Michael Kenneth Williams didn't have to research Rikers Island before he took the role of Rikers inmate Freddy in HBO's tense hit drama The Night Of.
"I know that situation all too well, unfortunately," Williams told TV writers in Beverly Hills "due to my nephew and some other family members who have been incarcerated."
The Night Of, which airs Sundays at 9 p.m. ET, revolves around Nasir "Naz" Khan (Riz Ahmed), an introverted immigrant's son who is arrested for a murder he's pretty sure he didn't commit.
Naz has an attorney, John Stone (John Turturro), but while his case works its way through the system he's incarcerated at Rikers, where he would seem to be the quintessential definition of fresh meat for the other inmates.
Then Freddy, who has been in Rikers long enough to have become an alpha inmate, becomes his protector.
It's an odd-couple deal that Williams says also offers a reward for Freddy.
"Freddy senses that there's something else behind this kid's eyes besides just his innocence," says Williams. "There's a brain there. All of a sudden Freddy was not the smartest in the room any more.
"Naz represented that mental stimulation where he could sit down and have a conversation with someone who could possibly tell him something he didn't know, which was very rare for someone like Freddy in there."
Williams says he also relates to Freddy's gesture on a real-life personal level.
"I put myself in Naz's shoes and I imagined what how my nephew would have treated me had I got arrested and we weren't nephew and uncle and I came into the prison and I was Naz," said Williams. "I put myself in his shoes knowing the kind of heart my nephew has. That's where I got the foundation for this relationship."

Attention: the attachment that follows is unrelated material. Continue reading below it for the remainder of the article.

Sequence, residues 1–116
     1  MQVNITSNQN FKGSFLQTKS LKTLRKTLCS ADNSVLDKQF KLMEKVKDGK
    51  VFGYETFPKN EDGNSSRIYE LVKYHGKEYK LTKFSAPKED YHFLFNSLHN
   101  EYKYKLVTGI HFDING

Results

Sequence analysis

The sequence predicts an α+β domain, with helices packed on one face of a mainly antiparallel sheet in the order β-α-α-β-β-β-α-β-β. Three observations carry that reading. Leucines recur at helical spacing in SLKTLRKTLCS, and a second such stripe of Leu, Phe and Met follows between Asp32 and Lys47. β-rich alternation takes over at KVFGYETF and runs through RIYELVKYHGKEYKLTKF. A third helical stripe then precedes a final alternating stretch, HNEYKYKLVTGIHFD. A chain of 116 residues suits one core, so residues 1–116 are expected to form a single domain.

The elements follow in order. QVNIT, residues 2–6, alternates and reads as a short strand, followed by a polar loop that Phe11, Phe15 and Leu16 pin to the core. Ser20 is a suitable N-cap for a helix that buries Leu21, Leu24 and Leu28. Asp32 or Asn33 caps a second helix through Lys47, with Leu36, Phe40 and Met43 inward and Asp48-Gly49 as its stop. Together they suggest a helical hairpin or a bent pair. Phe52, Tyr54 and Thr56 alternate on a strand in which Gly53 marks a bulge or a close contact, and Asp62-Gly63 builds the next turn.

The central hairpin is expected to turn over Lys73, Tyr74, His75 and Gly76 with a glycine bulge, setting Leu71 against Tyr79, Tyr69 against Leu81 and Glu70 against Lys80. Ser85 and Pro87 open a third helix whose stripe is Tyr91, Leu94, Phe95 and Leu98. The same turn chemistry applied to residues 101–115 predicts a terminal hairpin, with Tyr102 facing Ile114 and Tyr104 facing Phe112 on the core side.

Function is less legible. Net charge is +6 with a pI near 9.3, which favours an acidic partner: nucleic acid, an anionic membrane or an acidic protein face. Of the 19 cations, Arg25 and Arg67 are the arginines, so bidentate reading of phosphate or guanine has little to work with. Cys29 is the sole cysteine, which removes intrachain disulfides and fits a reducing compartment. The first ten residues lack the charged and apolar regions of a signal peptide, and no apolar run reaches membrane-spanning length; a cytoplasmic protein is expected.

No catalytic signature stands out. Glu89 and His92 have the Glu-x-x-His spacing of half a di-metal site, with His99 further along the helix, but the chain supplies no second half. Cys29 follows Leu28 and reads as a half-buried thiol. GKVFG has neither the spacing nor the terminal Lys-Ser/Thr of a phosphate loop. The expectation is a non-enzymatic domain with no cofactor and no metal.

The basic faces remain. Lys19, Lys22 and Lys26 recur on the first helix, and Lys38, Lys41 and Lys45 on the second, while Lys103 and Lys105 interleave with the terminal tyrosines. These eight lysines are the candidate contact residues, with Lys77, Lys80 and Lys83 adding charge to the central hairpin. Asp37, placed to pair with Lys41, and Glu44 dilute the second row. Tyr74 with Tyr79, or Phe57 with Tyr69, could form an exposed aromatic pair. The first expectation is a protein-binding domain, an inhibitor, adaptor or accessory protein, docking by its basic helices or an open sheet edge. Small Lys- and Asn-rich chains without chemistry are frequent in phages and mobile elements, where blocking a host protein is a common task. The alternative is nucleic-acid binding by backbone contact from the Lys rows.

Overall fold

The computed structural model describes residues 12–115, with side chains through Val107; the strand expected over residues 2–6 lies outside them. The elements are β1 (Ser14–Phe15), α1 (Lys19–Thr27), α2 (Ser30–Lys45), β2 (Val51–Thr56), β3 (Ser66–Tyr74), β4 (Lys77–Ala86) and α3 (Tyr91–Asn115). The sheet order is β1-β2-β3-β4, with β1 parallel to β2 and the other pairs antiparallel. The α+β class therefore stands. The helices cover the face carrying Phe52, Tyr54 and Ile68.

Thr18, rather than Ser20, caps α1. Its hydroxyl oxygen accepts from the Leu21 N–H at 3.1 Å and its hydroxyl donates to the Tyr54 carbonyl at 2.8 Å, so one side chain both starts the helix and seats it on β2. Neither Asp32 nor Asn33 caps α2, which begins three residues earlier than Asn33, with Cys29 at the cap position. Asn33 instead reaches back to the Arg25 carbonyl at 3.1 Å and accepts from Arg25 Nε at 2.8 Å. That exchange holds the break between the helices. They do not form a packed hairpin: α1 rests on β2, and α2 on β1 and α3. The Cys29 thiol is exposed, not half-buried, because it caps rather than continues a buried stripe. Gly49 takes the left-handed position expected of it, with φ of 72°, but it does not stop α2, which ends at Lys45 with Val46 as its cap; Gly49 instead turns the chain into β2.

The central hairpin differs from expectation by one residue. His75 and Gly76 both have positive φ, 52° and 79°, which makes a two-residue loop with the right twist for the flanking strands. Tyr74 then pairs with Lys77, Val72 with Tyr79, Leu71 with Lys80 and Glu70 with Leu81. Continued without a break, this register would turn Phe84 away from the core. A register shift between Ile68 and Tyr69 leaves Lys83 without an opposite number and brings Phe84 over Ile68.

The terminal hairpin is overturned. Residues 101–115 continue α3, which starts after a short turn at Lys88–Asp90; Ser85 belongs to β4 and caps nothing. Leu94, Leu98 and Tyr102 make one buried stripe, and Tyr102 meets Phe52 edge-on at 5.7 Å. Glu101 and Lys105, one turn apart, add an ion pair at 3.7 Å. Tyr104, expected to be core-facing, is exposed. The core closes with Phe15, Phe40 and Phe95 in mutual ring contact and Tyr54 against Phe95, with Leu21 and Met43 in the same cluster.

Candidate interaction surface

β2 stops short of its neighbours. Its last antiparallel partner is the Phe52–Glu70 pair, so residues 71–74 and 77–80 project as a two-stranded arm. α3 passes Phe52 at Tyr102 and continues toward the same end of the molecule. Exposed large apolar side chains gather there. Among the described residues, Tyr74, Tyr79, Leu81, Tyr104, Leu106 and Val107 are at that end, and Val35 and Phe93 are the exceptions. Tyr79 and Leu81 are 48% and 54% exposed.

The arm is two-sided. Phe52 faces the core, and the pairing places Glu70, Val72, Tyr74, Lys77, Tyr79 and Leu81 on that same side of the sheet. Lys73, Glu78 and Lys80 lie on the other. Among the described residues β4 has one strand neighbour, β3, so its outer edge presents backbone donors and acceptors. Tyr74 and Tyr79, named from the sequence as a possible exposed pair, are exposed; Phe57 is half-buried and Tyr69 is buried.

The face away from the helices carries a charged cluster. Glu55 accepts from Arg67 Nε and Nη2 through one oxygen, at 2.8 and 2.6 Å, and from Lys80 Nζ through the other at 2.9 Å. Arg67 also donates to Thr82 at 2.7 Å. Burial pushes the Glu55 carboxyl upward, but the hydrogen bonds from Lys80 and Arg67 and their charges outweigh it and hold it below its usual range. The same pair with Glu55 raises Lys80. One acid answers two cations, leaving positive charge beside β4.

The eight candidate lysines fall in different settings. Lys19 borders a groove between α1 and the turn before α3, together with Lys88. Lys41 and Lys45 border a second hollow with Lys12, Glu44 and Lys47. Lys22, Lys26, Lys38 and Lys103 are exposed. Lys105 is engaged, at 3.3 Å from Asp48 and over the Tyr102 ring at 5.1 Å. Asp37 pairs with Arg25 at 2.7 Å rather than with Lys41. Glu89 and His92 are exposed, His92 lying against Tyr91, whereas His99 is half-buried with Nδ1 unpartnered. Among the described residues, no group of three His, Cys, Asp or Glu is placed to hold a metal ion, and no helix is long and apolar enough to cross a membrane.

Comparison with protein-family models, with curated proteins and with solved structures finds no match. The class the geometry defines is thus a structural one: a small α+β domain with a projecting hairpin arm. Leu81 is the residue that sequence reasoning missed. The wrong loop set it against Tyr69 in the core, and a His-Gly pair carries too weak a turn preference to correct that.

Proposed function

Williams says his nephew "isn't an angel. He did the crime" - a murder Williams says stemmed from defending his brother against a gang.
That said, Williams speaks of his nephew in almost reverential terms.
"He's been incarcerated now some 20 years, never an incident," says Williams. "Not one bad stain on his record. He mentors young men, whether it's a Scared Straight program or HIV-AIDS program. He's always doing positive. He got married in there. Got his education in there. Playing Freddy gave me an insight into all these beautiful characteristics I see in my nephew.
"I've never done time in prison, thank God, because I don't think I would have the stamina to survive."
In fact, Williams said, it was chilling enough just to make The Night Of.
"Going through Manhattan, through the Bronx, through Yonkers, that's the route you take when you're going to jail or going to visit someone in prison," he says. "Just my trip to work every morning would remind me of going to see my family members.
"I was like, wow, that's creepy. And then you get to the set, and it's just as creepy. You felt like you were in a prison yard and it was just as dark gray. And we shot it in a very brutal winter. It was a hard, hard shoot. There was nothing warm and fuzzy about this shoot at all."
In an odd way, though, he pulled something positive out of it.
"The best thing I got was getting to see what it's like for my nephew every day," Williams said. "I got a glimpse of what they deal with on a daily basis. It made me more empathetic to the situation, and made me more proud of them."